As a reminder, the reason for the seasons is the tilt of the planet. As our world goes from having the north pole pointed toward the Sun to having the south pole tilted more toward the Sun, we see the temperatures and weather in Earth’s hemispheres vary back and forth. This causes animals to migrate and hibernate, and it creates growing seasons. In many ways, the complexity of our planet is driven by the desire for life to spread and multiply, and the need for that life to adapt to the environments it is spreading into.
In a presentation at the Goldschmidt Conference, researchers lead by Stephanie Olson postulate that planets with a tilt like Earth’s will develop more complex life than planets that are upright and never experience seasons.
According to Olson: There are several factors to consider in looking for life on another planet. The planet needs to be [at] the right distance from its star to allow liquid water and have the chemical ingredients for the origin of life. But not all oceans will be great hosts for life as we know it, and an even smaller subset will have suitable habitats for life to progress towards animal-grade complexity. Small tilts or extreme seasonality on planets with Uranus-like tilts may limit the proliferation of life, but [a] modest tilt of a planet on its axis may increase the likelihood that it develops oxygenated atmospheres that could serve as beacons of microbial life and fuel the metabolisms of large organisms. The bottom line is that worlds that are modestly tilted on their axes may be more likely to evolve complex life. This helps us narrow the search for complex, perhaps even intelligent life in the Universe.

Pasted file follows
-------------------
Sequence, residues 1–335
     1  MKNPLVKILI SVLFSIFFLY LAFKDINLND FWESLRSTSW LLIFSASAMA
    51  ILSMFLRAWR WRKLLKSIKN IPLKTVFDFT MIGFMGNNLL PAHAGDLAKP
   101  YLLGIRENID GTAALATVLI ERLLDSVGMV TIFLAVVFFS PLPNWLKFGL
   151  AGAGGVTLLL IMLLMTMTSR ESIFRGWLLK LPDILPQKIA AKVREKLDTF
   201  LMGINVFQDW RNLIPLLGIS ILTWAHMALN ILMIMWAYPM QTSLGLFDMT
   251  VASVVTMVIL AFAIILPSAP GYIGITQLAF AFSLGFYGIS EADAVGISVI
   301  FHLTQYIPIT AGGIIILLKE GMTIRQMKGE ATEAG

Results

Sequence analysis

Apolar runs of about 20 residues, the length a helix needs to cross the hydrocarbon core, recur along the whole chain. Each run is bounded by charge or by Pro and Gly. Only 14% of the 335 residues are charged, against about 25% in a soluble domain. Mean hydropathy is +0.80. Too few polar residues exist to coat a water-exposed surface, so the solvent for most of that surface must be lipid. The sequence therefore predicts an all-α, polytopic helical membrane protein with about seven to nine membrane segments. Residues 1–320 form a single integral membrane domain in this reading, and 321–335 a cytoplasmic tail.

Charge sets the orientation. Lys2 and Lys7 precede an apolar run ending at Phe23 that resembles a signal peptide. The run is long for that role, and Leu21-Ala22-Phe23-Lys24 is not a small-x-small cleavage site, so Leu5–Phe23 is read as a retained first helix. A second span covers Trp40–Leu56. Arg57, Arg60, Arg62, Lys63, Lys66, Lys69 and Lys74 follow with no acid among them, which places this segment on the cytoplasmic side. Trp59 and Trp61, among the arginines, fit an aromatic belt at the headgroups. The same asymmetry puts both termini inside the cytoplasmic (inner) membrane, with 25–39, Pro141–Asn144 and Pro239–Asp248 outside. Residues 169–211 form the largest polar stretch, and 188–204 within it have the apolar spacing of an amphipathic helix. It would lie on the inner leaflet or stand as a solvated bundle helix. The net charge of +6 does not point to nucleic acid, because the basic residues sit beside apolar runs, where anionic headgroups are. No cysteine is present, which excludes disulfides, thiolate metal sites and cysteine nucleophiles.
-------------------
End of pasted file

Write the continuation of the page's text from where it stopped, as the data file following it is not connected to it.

While we can’t yet determine if distant exoplanets are tilted, this research definitely adds an interesting dimension to the way we think about life.